What is Accreditation?

What is accreditation?  This is an important question to answer for anyone who will be following this blog. Essentially, accreditation is a type of certification process.  An accrediting body or “accreditor” is one which establishes written standards against which other organizations or “accreditees” are measured and eventually certified or “accredited”.  The broad purpose of accreditation is to establish quality measurement criteria and to raise the level of services and professionalism within, a given profession or industry.

So, what does this mean to me?

Many people come into contact with accredited organizations on a daily basis and often are not even aware of it. The doctor you just visited takes continuing education courses annually that are approved (accredited) by the Accreditation Council for Continuing Medical Education (ACCME). She also would have attended an accredited university, for example, Harvard University, which is accredited by the New England Association of Schools and Colleges. Let’s say the doctor refers you to a local hospital for tests. The hospital and testing laboratory may each hold separate accreditation certificates by the Joint Commission. You really wouldn’t want to see a doctor who was not up on their continuing medical education (CME) or visit a hospital that wasn’t accredited, would you?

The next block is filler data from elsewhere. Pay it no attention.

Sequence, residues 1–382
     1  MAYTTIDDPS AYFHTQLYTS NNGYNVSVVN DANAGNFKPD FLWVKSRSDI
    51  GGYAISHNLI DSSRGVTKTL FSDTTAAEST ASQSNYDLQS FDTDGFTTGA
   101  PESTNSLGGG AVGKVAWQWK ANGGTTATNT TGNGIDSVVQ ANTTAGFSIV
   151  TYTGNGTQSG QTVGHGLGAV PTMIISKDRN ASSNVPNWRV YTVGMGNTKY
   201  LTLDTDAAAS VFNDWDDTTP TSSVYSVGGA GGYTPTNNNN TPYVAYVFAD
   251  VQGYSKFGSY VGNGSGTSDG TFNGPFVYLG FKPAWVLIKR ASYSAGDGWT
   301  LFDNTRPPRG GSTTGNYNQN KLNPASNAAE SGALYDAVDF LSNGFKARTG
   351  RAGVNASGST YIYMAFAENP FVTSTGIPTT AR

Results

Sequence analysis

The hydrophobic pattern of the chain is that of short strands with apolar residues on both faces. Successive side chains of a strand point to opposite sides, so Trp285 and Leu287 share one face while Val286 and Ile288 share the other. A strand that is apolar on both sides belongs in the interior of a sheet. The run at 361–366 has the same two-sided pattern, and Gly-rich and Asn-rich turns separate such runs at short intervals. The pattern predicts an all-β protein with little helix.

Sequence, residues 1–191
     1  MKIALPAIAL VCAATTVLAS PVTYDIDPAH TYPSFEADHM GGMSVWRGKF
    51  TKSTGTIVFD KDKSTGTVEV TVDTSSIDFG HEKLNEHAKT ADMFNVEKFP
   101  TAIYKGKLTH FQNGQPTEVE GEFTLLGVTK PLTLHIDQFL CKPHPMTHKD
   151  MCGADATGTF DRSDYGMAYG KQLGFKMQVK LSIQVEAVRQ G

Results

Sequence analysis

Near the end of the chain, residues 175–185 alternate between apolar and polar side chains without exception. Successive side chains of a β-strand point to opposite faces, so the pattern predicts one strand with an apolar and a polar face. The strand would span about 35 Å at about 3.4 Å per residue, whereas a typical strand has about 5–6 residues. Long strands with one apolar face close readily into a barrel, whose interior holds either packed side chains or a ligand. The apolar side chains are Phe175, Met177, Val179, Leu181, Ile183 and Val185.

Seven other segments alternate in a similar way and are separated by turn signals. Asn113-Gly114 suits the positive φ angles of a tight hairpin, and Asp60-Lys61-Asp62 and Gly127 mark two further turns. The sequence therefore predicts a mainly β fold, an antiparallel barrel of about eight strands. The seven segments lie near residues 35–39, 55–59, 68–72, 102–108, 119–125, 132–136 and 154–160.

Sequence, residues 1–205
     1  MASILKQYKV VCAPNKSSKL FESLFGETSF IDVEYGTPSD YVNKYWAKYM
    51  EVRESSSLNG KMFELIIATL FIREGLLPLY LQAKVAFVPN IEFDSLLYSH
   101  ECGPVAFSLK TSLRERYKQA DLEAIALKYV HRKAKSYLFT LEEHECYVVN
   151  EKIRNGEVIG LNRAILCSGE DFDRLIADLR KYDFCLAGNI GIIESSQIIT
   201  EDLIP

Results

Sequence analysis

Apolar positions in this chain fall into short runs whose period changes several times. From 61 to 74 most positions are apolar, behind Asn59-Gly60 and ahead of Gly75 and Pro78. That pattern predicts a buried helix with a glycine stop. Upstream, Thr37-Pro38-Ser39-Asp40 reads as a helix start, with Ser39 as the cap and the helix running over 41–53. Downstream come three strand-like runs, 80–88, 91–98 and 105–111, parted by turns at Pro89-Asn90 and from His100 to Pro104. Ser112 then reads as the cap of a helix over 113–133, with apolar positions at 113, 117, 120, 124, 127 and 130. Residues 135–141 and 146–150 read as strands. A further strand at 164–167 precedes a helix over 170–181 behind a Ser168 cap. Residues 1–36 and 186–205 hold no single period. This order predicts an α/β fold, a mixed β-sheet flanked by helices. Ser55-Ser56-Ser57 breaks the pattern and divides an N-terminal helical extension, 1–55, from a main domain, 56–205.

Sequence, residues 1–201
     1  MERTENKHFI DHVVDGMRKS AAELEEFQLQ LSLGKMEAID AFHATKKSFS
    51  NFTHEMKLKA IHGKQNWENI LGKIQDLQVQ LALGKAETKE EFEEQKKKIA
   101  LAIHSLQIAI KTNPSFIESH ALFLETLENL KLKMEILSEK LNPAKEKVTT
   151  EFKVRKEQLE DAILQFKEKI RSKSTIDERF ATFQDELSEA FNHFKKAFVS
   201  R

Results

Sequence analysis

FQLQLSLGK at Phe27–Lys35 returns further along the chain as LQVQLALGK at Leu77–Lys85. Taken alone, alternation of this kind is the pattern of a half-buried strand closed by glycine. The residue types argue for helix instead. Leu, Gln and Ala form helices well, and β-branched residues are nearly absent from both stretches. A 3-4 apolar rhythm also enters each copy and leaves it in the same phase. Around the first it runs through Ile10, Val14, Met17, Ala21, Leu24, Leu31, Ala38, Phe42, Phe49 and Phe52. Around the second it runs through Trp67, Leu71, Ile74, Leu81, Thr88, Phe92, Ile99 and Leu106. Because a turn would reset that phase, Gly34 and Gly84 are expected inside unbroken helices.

There are thousands of accrediting bodies across the US and internationally. Different categories of accreditation include those for social service agencies, educational institutions, continuing education or seminar/training companies, medical facilities, etc. Even education programs for personal trainers and organic landscapers can be accredited. Some accrediting bodies you will encounter most often in this blog are:

Social Service Organizations Accredited by:

Continuing Education Organizations Accredited by:

In future posts I will discuss why accreditation is important to the organization seeking to become accredited and also the key steps in achieving accreditation. It is often not an easy process, but if managed well and if those involved understand why it is important, it can be a great way to reduce risk, improve quality and demonstrate to others that you have what it takes to pass a third-party review.

* In the case of Hague accreditation, Federal accreditation regulations 22 CFR Part 96 are the “standards” with COA acting as the accrediting body and monitoring is provided by the US Department of State. The purpose is to implement the Hague Adoption Convention, an international agreement to safeguard intercountry adoptions.

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